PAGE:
Definitely it’s soft skills — professionalism in the workplace. It feels like such an unknown to them, and there’s so much growth for them from one day to the next, realizing that there are techniques for this. They can see the clear connection between understanding these concepts and doing better for themselves financially.

At first “professionalism” feels like a word from another planet. They’re like ‘What’s that p-word you always use?’ By the end they’re like, ‘That’s not professional!’ to their friends.

How did you come up with a curriculum for the class?

I reached out first to some chefs we work with to find out what were some of the skills they were missing in their kitchens that they’d love students to come in with. Every single one of them said, ‘Show up on time.’ So I made that a big part of the class. I had the students do a podcast where they reached out to an adult in their life and asked them to recall a time when somebody was a no-call or no-show and how that affected them.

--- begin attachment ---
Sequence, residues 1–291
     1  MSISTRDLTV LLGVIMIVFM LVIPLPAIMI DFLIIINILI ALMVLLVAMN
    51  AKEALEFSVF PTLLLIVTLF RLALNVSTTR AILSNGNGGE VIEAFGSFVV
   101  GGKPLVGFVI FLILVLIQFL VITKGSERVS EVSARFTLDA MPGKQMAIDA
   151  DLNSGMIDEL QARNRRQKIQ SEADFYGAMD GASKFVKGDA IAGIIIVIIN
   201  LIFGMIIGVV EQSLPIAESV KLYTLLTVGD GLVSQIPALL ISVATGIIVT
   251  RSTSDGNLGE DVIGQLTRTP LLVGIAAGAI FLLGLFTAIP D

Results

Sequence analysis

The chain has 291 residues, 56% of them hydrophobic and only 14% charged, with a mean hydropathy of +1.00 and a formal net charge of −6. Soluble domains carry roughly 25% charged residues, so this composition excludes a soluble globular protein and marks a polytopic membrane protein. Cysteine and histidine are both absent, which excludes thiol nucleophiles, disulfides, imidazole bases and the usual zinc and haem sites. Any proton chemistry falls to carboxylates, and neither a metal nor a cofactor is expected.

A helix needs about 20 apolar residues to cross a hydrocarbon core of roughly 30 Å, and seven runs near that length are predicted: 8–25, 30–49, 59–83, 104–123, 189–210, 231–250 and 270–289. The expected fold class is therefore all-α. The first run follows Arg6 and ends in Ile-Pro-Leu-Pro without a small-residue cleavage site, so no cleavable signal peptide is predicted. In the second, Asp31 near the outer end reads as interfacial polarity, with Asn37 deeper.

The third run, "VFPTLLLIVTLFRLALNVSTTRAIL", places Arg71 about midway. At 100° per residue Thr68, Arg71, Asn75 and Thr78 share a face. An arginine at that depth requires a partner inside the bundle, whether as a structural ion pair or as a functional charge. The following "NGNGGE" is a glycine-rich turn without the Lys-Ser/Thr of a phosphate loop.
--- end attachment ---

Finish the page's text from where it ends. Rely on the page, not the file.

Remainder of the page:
I had conversations with other industry leaders and thought about what I wish I’d known before I worked in a kitchen. I also did a survey asking the students what they wanted to learn — and that was mostly nutrition and how to use social media or actual food-costing for their businesses. So that got incorporated into the curriculum, too. Anger management was added this fall at the recommendation of one of my students … different ways to handle coworker conflicts in the moment.

Do your students enjoy learning ‘soft’ skills?